We started the walk up again and this time, though there wasn’t too much slush, the gradient went up steeply and we struggled to climb up the last leg. We reached the top at around 5.15PM and it was twilight. We saw the monastery and asked one of the monks there if we could go in and see the monks praying at that time. They were gracious enough to allow us in. We removed our shoes and went in. It was like walking into another gone by era. Everything seemed to have stood still through all the changing times. Made of wood , there were lovely carvings and vibrant colors. We walked up the stairs, it was dark as the electricity had gone off. Students, who have given up all other things in life and vowed to live a life of celibacy and vegetarianism, never ever to return back to their homes, were all praying loudly. They were reading aloud from their Buddhist book of scriptures, rocking backwards and front as they read. It was so soothing and surreal. We sat for some time in complete peace and then walked down. All our aches and tiredness of climbing up for over 5 hours completely vanished like magic. The monks had also finished their prayers and they came down. All were young kids in the age group of probably 12 and 16. They spoke very good English, being taught by an Australian teacher. They were eager to talk to us, especially about Salman Khan, Amitabh Bachchan and his family. We took some pictures with them and had such a wonderful feeling.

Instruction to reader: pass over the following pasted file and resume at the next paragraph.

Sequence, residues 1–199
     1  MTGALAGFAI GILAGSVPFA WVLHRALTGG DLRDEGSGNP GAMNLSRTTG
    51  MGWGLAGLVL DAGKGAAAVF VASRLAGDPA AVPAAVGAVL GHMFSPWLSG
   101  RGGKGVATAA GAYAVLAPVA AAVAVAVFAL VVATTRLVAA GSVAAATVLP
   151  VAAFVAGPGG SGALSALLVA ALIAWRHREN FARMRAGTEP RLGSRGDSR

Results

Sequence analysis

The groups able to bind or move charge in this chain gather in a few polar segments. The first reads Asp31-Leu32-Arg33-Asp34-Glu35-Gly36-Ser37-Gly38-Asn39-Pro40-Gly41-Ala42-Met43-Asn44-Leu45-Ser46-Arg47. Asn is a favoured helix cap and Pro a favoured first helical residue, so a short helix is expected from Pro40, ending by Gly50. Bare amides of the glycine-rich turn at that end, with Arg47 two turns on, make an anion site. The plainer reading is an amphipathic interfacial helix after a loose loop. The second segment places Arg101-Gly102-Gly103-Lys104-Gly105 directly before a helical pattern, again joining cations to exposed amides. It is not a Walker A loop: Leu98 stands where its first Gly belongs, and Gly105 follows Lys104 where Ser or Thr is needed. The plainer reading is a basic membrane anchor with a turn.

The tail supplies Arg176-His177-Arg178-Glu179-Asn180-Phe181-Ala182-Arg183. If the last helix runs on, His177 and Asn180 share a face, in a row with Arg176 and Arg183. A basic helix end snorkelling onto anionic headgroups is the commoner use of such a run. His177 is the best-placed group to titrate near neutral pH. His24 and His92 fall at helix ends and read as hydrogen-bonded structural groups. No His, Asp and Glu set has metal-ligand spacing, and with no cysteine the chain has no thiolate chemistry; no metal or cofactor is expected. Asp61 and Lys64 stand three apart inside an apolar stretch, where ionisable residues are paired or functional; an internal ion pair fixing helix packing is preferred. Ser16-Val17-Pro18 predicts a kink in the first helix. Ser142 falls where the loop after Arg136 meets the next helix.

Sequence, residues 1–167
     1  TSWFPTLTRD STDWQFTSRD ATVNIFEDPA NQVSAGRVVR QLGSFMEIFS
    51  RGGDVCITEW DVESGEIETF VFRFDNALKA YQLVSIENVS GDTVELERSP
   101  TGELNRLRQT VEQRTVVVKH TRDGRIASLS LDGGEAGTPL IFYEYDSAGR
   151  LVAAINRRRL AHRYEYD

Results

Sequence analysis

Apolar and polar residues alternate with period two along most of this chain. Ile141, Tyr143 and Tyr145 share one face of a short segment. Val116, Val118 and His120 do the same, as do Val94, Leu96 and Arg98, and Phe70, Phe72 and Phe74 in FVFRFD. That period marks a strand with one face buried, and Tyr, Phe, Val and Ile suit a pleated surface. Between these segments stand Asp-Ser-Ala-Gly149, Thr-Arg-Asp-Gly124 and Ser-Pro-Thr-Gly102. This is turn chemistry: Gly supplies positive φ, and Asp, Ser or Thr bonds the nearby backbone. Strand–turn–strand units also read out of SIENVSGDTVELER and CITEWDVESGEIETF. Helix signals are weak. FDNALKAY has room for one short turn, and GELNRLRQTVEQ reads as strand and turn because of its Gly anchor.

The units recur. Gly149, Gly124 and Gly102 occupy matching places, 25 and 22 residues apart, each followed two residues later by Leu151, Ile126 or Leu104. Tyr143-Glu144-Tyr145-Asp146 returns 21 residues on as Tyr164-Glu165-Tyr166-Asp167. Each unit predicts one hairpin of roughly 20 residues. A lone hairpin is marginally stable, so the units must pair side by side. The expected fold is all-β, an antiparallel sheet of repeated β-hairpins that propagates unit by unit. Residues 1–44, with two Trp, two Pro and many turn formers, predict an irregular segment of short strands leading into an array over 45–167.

We then walked into a large barren barrack like structure, which had a medium sized hall and a huge kitchen attached to it. The electricity was out and we sat down for some tea and biscuits in the torchlight. There was a lot of activity in the kitchen and I (Ruma) went to check out what was cooking. This was the kitchen where the monks food was being made – Spartan meal of rice/moong dal with a vegetable stew. We could begin our cooking only after the monks had eaten. So we waited and soon all the monks came into the room, with their respective plates, a bowl and a spoon. They all sat on the ground and soon their food was served. They also had a mug in which warm water was given.

Once the monks had eaten, I decided to help our helpers with their cooking. Thus in the torchlight, I made dal, mutter paneer and the cook made karela bhaji and rice. It was a wonderful moment, with the food cooking, spreading its warmth and aroma and we all sitting around. The main llama or the head teacher also came and he sat talking with us for some time, explaining how these monasteries work and how the students study and graduate. It’s a tough and austere life for these monks and our respect for them only went up further. The gracious Llama left and our food was also ready by then. We all – me and husband, Sandeep and the three helpers sat and ate food together. After the Spartan meal of the monks, ours was like a feast. The darkness, the warmth of the kitchen, the low voiced conversations, the cat coming in and out, the overall atmosphere of the place – it’s a memory of a life time. A completely unexpected but a treasure of a memory.